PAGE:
Igor Mezic, MixMode CTO and Chief Scientist, Earns J.D. Crawford Prize

Mezic Recognized for Groundbreaking Mathematical Theory

MixMode CTO and Chief Scientist, Igor Mezić, has received the prestigious J.D. Crawford Prize from the Society for Industrial and Applied Mathematics (SIAM). The prize is awarded every two years to one individual for a significant accomplishment in the area of nonlinear science. Dr. Mezic received the award for his mathematical theory that makes it easier to understand and speed up an array of previously unsolvable computations in a wide range of applications, including fluid dynamics, energy-efficient design, network security and operations, and complex systems dynamics. 

UC Santa Barbara recently reported on Mezić’s accomplishment in the article, “Igor Mezić Earns Major SIAM Award for Development of Koopman Operator Theory.” The article explains that the Crawford Prize recognizes contributions from a paper addressing fundamental issues in the field of dynamical-systems. 

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Mezić’s single-author paper, titled “Spectrum of the Koopman Operator, Spectral Expansions in Functional Spaces, and State-Space Geometry,” published in the journal Nonlinear Science in 2019 develops a mathematical theory for complex systems such as networks, power grids and the human brain.

“It’s wonderful to me that the dynamical systems community deems my work worthy of the Crawford Prize,” said Mezić, who is also director of UCSB’s Center for Energy Efficient Design and head of the Buildings and Design Solutions Group at the CoE’s Institute for Energy Efficiency.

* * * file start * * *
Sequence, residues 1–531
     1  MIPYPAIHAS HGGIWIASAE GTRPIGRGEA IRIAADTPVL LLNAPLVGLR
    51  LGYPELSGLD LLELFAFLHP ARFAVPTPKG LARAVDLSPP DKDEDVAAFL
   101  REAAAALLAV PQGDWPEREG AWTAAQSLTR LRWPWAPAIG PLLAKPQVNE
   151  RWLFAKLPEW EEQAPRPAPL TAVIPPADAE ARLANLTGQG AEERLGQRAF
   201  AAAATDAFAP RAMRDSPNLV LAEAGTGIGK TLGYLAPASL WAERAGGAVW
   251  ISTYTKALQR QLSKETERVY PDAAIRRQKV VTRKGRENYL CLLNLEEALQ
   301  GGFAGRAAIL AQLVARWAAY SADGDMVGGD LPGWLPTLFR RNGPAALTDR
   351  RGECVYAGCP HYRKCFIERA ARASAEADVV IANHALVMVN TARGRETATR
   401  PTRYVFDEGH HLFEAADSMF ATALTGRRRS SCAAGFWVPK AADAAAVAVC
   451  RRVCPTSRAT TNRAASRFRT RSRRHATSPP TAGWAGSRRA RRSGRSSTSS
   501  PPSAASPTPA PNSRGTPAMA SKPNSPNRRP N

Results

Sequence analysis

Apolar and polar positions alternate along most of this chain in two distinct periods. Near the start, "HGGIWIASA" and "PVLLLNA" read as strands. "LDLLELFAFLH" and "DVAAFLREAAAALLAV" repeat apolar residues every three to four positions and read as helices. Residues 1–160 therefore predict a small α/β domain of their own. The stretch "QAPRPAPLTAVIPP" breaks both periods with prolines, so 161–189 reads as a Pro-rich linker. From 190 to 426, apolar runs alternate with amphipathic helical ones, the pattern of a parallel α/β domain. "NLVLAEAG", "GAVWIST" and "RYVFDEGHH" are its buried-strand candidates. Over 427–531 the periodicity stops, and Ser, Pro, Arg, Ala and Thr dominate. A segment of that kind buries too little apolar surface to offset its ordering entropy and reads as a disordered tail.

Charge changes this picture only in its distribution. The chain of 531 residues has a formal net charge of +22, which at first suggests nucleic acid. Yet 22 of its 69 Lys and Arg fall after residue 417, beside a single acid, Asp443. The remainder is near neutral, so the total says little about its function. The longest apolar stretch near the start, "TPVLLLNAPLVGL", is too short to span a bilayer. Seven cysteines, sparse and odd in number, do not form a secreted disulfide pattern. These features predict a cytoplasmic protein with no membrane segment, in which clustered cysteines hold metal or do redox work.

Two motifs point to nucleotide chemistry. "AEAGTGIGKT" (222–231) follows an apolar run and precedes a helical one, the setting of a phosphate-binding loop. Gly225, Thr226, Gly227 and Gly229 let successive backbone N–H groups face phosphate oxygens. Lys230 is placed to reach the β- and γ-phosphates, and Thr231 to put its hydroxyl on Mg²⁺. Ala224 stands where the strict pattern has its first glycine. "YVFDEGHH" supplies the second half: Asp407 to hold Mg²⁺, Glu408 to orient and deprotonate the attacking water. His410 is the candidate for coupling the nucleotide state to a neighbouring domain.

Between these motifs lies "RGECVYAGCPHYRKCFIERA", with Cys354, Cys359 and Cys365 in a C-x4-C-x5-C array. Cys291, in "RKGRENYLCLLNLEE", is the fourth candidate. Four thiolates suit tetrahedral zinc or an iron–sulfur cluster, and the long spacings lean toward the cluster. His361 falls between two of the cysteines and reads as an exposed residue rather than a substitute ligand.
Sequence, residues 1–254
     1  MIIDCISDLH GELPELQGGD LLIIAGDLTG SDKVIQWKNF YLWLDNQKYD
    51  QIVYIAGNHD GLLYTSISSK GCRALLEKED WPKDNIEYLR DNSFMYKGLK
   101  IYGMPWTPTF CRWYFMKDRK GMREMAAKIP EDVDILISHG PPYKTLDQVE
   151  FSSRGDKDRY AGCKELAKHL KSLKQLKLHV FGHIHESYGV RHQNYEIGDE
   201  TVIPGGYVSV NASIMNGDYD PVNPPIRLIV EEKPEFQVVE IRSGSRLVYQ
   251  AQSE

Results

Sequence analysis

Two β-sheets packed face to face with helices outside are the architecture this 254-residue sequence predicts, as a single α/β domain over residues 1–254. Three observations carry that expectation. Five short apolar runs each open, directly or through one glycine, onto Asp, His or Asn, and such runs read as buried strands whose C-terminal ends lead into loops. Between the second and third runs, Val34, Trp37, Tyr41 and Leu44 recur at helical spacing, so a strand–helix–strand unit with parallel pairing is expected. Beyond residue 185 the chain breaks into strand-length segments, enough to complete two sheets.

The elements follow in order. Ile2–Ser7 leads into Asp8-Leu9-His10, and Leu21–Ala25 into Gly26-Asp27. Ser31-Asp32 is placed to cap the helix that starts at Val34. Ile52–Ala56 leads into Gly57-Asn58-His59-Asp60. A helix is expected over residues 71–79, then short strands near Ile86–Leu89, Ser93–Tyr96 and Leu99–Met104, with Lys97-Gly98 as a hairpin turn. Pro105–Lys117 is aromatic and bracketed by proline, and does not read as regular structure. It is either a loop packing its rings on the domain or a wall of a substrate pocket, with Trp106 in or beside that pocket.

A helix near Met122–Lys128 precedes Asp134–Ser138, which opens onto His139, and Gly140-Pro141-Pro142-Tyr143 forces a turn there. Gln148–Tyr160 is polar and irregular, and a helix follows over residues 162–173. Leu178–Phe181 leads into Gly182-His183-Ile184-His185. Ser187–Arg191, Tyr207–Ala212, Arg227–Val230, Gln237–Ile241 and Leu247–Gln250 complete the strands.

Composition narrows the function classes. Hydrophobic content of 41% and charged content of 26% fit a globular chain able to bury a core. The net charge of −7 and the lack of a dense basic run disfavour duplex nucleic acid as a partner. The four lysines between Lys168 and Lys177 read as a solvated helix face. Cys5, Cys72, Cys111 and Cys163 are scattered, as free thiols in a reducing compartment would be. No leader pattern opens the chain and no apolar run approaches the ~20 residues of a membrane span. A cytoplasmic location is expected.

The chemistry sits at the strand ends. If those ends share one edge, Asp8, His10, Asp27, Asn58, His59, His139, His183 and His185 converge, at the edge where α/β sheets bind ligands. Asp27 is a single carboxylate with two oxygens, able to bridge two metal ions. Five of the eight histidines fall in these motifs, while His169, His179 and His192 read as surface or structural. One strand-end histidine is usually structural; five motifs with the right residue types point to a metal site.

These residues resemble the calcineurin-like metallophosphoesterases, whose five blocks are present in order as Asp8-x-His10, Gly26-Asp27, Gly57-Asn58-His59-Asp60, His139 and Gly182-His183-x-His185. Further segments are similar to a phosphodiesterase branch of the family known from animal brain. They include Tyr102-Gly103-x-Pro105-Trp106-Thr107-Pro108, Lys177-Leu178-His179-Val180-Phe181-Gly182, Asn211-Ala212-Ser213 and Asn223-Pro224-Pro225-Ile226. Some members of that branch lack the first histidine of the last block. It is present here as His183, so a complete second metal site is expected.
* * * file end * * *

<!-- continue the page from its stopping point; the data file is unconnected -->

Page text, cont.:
Mezić realized that a different mathematical framework was needed to model complex systems. He began working on the problem for his PhD dissertation, which he received in 1994, by incorporating Koopman operator theory, which had been developed in the 1930s but was never used on a large scale because the geometric point of view was so popular. Mezić, however, realized that it could be useful.

“I wanted to preserve the power to describe geometrical objects — because humans think geometrically — but work it so that you could understand a dynamical system that has many dimensions,” he says. “I’ve ported geometric concepts of dynamical systems into an operator theoretical context so that they can be turned into algorithms, artificial intelligence, etc. It is adding to geometry that Crawford utilized by setting them up in a different, more easily utilized domain.”

“Whereas a car has a hundred or a thousand dimensions to its dynamical system, artificial intelligence and deep-learning systems have hundreds of thousands or even millions of dimensions. Mezić’s theory not only has the mathematical power to resolve such complex systems, but also avoids abstraction,” he says, so that “it is very cleanly and clearly understandable what the objects are.”

The U.S. Army reported that the Department of Defense Multidisciplinary University Research Initiative, known as MURI, and managed by the Army Research Office, supported the prize-winning paper.